Lay-off fears mount after landmark ruling

Government was left with a bloodied nose yesterday after a court ruling that paves the way for retrenchments in the name of Covid-19.

24 June 2020 | Labour



Fears are mounting over widespread Covid-19 retrenchments after the High Court declared regulations by the labour ministry, aimed at banning dismissals, salary cuts and forced leave during the lockdown period unconstitutional and invalid.

Ministry executive director Bro-Matthew Shingudja yesterday said it is too early to tell whether they will appeal the decision.

“We must read it through to see what the court has taken into account. We are used to these kinds of judgments. We have to study the judgement to see whether we will go to the Supreme Court,” he said.

The Namibia Employers Federation, the Namibia Employers' Association and five private companies in the safari, aviation, transport and printing industry on 29 May brought the urgent application before court.

They also questioned President Hage Geingob's powers during an emergency under Article 26 (5) of the Namibia Constitution.


Labour expert Herbert Jauch described the judgement as a “smash in the face” of Namibian workers.

Jauch, who believes this will aggravate poor working conditions, said this is a disaster which will lead to a massive rise in poverty and inequality in Namibia.

“It is regrettable and will encourage employers to retrench workers at will. It shows how unprotected workers are in Namibia and it will strengthen the hand of employers,” he said.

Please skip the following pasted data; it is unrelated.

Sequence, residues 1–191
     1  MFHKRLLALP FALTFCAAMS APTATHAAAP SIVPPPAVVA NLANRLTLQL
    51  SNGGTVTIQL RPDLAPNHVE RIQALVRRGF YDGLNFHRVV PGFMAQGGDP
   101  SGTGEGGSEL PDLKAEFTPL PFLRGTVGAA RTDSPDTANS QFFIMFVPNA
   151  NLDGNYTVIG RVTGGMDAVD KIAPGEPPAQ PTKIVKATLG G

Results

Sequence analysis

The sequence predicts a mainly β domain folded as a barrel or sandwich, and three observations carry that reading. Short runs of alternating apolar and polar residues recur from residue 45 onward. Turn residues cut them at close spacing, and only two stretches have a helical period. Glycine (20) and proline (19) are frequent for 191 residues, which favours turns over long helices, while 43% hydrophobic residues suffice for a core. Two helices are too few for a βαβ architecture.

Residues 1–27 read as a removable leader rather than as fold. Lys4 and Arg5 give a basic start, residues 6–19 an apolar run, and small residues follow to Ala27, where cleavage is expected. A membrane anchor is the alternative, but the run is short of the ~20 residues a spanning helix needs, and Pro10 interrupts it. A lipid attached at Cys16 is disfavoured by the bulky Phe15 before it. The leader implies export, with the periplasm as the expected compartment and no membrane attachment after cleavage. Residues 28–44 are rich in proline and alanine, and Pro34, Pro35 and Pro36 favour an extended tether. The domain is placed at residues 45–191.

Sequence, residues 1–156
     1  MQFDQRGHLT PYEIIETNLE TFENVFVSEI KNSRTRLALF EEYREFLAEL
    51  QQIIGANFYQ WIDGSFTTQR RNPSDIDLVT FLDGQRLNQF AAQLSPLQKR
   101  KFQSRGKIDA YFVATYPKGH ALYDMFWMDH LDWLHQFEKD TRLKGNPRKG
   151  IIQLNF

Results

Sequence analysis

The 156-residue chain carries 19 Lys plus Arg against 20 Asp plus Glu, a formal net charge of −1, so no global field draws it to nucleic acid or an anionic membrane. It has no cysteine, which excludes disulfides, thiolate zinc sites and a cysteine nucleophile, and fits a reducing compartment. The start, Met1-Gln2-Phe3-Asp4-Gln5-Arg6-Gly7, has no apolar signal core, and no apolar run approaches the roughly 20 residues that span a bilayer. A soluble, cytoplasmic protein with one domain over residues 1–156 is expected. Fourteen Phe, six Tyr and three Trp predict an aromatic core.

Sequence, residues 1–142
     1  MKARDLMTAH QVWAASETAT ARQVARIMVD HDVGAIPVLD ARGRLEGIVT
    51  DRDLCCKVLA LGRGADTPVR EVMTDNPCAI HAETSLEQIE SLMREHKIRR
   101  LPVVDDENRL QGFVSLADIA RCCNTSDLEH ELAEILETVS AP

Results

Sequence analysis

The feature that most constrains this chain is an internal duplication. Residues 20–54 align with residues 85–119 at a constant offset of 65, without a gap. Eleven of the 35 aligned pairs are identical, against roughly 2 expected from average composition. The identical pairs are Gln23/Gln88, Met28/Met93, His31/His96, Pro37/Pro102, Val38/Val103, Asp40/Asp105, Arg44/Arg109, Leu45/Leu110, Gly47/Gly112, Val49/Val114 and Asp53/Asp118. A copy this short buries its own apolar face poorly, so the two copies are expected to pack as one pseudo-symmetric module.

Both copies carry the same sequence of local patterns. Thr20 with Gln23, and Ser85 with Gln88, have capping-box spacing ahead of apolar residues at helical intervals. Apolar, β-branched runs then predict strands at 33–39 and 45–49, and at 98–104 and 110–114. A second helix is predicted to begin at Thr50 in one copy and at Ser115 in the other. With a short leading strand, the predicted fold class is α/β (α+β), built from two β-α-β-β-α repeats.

Jauch emphasised that the court outcome will further embolden employers to lay off workers and leave workers with very little recourse.

“The Pick n Pay situation was symptomatic, they are operating in a sector that was not affected at all during this lockdown and yet we saw retrenchments from them,” he highlighted.

The retail giant recently announced that it will retrench 500 of its 1 931 employees in an effort to make the business sustainable. The announcement was made by PnP managing director Graeme Mouton who said the retrenchments were necessary because of the prolonged economic downturn and reduced consumer disposable income.

Just last week, the Construction Industry Federation's Barbel Kirchner announced that this sector has seen large-scale retrenchments with about half of the 60 000 workers employed in the formal and informal construction industry sent home. The country has also seen thousands of jobs lost in the mining and tourism sector, which has recorded more than 44 000 job losses.

The Trade Union Congress of Namibia (Tucna) said President Geingob must fire justice minister Yvonne Dausab and attorney-general Festus Mbandeka for “ill-advising” him.

According to Tucna president Mahongora Kavihua, the pair should be punished for not crafting water-tight regulations which would have stood the test of time in the High Court.

“We are calling to recall his justice minister and attorney-general and if he cannot, then he must step down himself for failing the workers. This judgement will now give employers a license to mistreat workers,” he said.

“This is a slap in the face of workers and has exposed this capitalist ideology. It is truly unfortunate for workers because now we will see how employers will start firing workers at will,” he said.

Necessary evil

Local economist Dr Omu Kakuhaja Matundu said retrenchments at this point will be a good thing for the sake of the economy, if done in good faith. He said he believes it is better to survive the economic storms at present and re-employ later when the economic tide is rising, instead of risking it all.

“Because how is it going to work out if you are saying keep them for two months, but in that time, you don't have any money to pay them or keep business afloat? It will be a very dangerous. But there is a possibility that employers may use Covid-19 as a leeway and scapegoat to lay off their workers,” he admitted.

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